I am an enormously self-critical person. If I’m going out to a party, or having dinner, or even just giving a presentation, I’m constantly playing back my speech and my actions in my head to see where I went wrong. It sounds like two awful television sports announcers who follow me around only to trash whatever I think or do or say.
DICK: And here comes Matthew, shuffling into the presentation arena, sporting a wrinkled button-down and black slacks with ugly shoes. He clearly wants to make an impression, Bob.
BOB: Right you are, Dick, though I’m not sure what kind of impression that will be.
DICK: The meeting has now started, and look at this! Matt is waving his arms around, trying to provide emphasis to his explanations! Has he lost control of his limbs?!.
BOB: He’d better rein in his enthusiasm here or he’ll be mistaken for someone who is suffering a seizure.
DICK: Let’s listen in.
MATTHEW: …So here’s why we might want to consider using SOLID principles in our everyday coding…
DICK: Did you hear that, Bob? All of those conditional words! “Might want to consider,” wow! Could he be any less decisive?
BOB: I don’t know, Dick, but obviously he doesn’t know either.
I’m really hard on myself. I know this, and I accept it. I’m not sure if this is because I expect better or worse of me, but I do know that it leads to some really interesting conversations, during at least one of which I actually yelled at my own brain and startled the hell out of my dog.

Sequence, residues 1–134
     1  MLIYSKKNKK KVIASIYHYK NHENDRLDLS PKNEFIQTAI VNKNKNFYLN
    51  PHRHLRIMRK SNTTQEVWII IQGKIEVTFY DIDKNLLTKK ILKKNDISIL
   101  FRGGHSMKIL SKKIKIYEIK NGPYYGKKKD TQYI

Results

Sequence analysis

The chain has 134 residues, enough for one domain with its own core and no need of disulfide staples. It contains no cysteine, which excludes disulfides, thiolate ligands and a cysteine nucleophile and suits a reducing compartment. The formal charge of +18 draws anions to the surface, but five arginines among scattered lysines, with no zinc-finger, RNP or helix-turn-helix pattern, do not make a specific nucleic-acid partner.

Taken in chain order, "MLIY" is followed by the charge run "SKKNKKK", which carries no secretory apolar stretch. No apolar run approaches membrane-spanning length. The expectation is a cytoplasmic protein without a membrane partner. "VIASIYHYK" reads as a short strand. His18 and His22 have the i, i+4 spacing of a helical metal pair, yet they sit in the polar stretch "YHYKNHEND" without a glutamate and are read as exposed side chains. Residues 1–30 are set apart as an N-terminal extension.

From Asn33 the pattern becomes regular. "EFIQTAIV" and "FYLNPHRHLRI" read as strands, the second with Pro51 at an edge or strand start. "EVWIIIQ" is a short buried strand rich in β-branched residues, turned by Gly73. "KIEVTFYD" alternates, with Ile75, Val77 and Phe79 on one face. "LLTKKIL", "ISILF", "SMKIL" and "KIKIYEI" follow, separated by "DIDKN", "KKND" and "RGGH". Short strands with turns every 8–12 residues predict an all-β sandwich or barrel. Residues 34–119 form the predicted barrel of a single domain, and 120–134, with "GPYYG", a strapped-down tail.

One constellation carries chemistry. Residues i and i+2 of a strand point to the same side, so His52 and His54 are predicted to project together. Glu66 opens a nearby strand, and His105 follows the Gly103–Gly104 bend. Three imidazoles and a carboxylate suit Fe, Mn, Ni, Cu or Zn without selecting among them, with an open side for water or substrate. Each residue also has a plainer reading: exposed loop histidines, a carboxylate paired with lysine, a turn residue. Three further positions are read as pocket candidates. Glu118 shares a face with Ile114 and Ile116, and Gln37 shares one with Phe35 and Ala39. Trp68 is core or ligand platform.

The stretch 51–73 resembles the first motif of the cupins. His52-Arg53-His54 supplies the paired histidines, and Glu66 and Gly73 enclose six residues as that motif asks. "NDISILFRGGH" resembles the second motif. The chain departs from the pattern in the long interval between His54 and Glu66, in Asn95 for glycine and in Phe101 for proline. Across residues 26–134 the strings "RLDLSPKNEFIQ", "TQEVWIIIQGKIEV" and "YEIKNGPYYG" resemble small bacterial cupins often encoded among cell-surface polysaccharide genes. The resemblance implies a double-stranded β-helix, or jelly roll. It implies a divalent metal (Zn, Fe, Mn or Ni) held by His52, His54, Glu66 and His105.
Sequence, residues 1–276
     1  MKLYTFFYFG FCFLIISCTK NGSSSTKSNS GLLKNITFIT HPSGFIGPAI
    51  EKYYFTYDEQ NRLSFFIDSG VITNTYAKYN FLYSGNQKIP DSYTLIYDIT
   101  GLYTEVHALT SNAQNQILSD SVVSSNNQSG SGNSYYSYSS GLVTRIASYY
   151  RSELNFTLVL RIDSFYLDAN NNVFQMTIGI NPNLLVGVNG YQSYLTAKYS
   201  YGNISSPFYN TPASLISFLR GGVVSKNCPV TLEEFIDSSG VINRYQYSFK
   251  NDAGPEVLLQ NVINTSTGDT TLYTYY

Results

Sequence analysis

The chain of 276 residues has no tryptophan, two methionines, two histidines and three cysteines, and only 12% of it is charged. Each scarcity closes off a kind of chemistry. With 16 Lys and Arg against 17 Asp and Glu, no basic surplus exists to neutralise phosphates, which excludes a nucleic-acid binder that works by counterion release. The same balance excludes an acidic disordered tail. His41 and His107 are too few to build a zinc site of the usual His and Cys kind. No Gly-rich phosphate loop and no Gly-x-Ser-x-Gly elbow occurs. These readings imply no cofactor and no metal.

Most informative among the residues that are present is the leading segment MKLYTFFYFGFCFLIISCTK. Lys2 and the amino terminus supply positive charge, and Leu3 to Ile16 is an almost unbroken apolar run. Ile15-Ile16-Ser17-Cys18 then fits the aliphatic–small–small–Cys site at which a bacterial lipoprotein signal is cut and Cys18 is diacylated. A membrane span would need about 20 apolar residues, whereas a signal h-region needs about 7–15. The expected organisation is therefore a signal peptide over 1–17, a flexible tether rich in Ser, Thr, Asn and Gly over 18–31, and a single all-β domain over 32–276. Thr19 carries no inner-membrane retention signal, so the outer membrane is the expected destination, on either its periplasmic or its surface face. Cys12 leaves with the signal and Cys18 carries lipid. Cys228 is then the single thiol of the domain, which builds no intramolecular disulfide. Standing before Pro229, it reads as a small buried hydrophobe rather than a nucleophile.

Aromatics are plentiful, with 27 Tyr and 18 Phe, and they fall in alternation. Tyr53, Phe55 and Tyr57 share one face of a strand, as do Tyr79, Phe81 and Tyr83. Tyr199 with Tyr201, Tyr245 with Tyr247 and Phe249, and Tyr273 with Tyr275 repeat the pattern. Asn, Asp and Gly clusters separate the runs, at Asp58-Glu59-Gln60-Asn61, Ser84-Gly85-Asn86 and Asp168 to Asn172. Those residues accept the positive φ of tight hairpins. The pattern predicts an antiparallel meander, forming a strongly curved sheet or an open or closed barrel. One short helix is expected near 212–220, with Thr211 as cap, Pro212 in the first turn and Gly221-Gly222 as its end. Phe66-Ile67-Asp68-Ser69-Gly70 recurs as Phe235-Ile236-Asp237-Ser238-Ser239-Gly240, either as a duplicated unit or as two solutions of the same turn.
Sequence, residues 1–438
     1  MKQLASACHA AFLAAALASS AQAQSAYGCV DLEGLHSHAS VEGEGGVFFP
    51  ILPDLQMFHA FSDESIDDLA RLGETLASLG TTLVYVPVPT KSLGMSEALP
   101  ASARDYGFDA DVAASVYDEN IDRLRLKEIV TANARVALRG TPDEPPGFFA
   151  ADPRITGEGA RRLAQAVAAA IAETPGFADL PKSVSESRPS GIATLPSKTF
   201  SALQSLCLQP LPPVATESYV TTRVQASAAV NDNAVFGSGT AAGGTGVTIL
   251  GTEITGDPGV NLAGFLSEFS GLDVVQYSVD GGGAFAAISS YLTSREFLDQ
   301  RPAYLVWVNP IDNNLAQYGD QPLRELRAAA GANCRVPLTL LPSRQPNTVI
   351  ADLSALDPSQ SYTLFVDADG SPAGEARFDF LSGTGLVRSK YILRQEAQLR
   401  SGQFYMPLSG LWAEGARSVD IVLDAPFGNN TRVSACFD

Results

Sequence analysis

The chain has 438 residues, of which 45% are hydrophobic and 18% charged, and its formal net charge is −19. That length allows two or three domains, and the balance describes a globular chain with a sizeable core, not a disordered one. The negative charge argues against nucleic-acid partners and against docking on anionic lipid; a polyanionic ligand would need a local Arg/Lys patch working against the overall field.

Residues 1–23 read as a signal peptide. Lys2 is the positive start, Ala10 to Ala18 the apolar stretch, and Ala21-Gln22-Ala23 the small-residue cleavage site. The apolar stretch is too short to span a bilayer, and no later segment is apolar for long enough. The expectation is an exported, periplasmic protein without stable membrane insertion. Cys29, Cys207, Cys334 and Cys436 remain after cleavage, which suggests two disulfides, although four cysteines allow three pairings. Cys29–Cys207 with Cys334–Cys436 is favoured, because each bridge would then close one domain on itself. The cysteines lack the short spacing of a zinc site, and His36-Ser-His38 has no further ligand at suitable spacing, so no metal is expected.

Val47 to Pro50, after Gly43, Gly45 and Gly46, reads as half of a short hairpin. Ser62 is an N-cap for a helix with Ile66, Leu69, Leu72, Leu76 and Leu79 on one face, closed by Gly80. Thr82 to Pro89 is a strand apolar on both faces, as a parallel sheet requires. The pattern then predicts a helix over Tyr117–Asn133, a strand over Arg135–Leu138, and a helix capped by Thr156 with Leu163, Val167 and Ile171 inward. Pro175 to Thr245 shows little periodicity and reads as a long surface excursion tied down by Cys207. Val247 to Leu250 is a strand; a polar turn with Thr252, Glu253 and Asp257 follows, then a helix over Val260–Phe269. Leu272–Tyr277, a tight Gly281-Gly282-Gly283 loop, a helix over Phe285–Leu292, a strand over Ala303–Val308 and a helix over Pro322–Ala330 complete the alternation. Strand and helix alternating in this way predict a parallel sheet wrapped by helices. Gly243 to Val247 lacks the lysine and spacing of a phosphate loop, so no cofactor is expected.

#musings #machine learning #learning
Recently, researchers from Google proposed the solution of a very fundamental question in the machine learning community — What is being transferred in Transfer Learning? They explained various tools and analyses to address the fundamental question.
The ability to transfer the domain knowledge of one machine in which it is trained on to another where the data is usually scarce is one of the desired capabilities for machines. Researchers around the globe have been using transfer learning in various deep learning applications, including object detection, image classification, medical imaging tasks, among others.
#developers corner #learn transfer learning #machine learning #transfer learning #transfer learning methods #transfer learning resources
Check out the 5 latest technologies of machine learning trends to boost business growth in 2021 by considering the best version of digital development tools. It is the right time to accelerate user experience by bringing advancement in their lifestyle.
#machinelearningapps #machinelearningdevelopers #machinelearningexpert #machinelearningexperts #expertmachinelearningservices #topmachinelearningcompanies #machinelearningdevelopmentcompany
Visit Blog- https://www.xplace.com/article/8743